Many boys spend their summers making friends, challenging themselves with new skills, and playing outdoors. Some, however, face barriers that can prevent them from having those same rewarding experiences.
Since 2002, the City Saints program at St. Christopher’s School has provided academic, emotional, and social enrichment activities for underserved youth from across the Richmond metro area. Selected by their school counselors, rising third through fifth-grade students come to StC’s campus to experience summer in a meaningful, enjoyable way.
“For some of them, it’s the best two weeks of their summer,” said Peter Cross, City Saints Program Director. Cross, who also teaches math at StC, stressed the importance of mixing academic activities with recreation and creativity. Students at City Saints sharpen their math or science skills every morning, but they do it through hands-on craft projects and exercises. Other students will learn languages, but they’ll complete the lessons through interactive games. They then spend the afternoon on the playground and at the pool. “We want the program to be academic, and we want them to learn, but we also want it to be fun.”
This year, students in the classroom built functioning replicas of the human lung, completed math puzzles, and built and launched hand-painted water rockets. Students earned their swimming certifications and were introduced to Spanish for the first time. The range of activities at City Saints engages boys’ minds, keeps them active, and introduces them to new ideas and interests.
City Saints counselors are often also StC students. “I love watching our St. Christopher’s students connect with other students in Richmond,” said Sarah Hubard, a counselor and fifth-grade teacher at StC. “We’ve had a great ten days so far of making those connections and building relationships.”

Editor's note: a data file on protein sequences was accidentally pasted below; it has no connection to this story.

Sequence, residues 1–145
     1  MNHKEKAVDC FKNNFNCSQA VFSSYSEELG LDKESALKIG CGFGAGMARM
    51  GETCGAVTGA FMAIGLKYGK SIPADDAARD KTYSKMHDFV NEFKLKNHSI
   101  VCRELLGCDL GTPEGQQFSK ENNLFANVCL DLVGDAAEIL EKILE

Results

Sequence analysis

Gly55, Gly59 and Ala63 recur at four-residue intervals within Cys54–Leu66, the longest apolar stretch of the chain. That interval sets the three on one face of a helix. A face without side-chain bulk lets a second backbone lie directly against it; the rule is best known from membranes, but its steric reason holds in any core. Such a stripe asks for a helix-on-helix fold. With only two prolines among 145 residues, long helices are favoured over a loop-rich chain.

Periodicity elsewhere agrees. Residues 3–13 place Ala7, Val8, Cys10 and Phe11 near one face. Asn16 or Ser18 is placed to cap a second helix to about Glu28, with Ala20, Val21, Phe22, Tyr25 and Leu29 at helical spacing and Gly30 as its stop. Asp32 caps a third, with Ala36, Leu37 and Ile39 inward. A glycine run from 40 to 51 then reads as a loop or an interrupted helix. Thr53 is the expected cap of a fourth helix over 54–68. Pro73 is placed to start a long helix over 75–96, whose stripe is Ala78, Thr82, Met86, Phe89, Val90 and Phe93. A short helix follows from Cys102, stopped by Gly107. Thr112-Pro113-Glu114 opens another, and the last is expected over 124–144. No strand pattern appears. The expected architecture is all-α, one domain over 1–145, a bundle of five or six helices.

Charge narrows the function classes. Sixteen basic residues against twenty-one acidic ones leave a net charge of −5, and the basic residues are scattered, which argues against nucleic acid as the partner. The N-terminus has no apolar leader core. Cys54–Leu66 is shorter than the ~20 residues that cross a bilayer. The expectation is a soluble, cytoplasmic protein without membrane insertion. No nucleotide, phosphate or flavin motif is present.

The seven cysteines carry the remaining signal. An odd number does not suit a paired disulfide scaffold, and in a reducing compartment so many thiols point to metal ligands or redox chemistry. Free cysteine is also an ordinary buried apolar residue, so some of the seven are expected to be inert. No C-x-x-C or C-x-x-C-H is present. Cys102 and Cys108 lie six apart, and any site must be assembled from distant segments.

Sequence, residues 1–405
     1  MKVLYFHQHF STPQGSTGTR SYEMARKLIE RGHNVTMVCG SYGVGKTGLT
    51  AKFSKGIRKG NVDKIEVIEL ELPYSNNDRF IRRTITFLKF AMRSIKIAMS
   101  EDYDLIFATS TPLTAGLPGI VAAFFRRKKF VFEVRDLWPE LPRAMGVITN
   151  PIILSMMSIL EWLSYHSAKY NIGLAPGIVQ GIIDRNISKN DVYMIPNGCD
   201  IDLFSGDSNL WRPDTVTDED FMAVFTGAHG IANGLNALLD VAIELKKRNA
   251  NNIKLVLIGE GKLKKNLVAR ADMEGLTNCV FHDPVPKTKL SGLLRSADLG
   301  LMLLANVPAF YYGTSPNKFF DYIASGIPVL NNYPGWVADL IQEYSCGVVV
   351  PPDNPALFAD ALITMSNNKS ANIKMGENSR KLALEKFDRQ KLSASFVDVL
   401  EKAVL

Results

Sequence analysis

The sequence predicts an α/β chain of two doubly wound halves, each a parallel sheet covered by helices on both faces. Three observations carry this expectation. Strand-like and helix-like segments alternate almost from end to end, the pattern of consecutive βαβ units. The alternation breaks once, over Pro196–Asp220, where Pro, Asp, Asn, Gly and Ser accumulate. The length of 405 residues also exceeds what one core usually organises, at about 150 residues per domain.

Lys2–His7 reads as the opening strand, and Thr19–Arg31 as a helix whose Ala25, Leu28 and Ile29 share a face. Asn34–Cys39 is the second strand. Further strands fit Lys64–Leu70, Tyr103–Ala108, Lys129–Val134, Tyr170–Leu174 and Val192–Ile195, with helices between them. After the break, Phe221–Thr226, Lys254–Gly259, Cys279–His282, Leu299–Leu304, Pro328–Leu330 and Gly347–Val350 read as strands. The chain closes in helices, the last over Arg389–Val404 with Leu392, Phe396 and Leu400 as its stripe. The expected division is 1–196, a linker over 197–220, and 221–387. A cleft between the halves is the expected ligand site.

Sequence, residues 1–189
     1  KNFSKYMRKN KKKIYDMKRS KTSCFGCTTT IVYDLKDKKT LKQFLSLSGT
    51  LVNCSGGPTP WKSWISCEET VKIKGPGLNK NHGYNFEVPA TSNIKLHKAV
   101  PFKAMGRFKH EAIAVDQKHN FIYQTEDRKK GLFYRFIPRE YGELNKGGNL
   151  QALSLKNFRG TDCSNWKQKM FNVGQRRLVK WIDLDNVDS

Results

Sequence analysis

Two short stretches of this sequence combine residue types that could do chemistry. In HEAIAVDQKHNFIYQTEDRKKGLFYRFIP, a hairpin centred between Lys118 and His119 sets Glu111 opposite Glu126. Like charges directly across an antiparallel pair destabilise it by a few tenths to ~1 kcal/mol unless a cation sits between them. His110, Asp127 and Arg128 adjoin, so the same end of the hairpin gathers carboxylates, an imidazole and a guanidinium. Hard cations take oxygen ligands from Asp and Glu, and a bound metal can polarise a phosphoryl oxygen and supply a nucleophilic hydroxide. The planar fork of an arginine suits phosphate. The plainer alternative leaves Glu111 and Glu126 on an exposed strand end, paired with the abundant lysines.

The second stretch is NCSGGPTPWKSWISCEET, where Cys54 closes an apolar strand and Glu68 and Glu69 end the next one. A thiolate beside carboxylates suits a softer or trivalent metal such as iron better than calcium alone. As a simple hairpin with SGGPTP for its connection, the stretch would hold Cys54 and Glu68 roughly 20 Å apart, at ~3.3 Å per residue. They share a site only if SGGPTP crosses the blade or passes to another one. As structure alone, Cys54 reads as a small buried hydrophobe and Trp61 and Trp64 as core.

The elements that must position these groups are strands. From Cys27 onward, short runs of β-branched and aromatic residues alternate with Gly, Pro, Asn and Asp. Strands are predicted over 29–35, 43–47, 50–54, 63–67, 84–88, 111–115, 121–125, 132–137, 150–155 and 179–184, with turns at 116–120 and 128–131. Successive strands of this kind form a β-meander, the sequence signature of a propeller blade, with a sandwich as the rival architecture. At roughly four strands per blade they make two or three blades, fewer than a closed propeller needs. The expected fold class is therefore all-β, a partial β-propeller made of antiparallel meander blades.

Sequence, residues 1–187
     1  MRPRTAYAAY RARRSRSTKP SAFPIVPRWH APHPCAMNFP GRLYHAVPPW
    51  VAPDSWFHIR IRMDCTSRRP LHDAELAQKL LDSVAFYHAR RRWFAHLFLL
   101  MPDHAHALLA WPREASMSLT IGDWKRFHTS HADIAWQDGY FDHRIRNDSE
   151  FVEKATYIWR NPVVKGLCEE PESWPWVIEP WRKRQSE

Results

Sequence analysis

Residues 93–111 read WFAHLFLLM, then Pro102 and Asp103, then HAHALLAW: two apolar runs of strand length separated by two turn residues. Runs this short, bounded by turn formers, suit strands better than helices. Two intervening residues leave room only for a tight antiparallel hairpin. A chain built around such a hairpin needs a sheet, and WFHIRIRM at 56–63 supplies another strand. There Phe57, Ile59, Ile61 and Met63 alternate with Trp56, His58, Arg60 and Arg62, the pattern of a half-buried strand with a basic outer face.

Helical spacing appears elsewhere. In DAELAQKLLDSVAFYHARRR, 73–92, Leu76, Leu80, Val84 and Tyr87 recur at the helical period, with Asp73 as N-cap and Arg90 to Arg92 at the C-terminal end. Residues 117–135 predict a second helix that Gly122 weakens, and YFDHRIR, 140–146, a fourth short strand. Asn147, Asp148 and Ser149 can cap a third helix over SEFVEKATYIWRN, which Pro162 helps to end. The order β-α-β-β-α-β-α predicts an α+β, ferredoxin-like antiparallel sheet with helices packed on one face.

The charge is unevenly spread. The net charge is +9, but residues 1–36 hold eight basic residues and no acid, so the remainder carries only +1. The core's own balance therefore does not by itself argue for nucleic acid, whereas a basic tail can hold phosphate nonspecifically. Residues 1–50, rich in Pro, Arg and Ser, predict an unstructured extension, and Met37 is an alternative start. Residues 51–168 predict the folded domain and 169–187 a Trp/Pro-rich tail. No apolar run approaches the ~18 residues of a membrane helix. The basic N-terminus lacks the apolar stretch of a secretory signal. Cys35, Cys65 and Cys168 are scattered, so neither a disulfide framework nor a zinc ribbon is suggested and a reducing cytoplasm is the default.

In addition to athletics and academics, an important aspect of the City Saints program is a focus on mindfulness. Sonia McDonnell, a camp counselor and Spanish teacher at StC’s Lower School, goes through breathing exercises with students and encourages them to use their imaginations when they’re feeling overwhelmed. McDonnell believes that many children often lack the time or skills to reflect, ground themselves and focus. “We encourage them to breathe in, breathe out, and realize that you're in control of your emotions,” said McDonnell. “As a school, as a program, it’s important for us to give students that time because you can’t assume that every parent is giving them coping skills.”
For Cross, who personally picks the students up at their schools every morning, it’s very important to give the boys a rich, stress-free summer. Many of them face transportation challenges or other circumstances that ordinarily make it difficult to have the kinds of experiences that City Saints provides. “I want to give them a chance to get out of where they are, have a safe place where they can have a good time, meet people, make friends,” said Cross, “I want to give these kids the best two weeks of their summer.”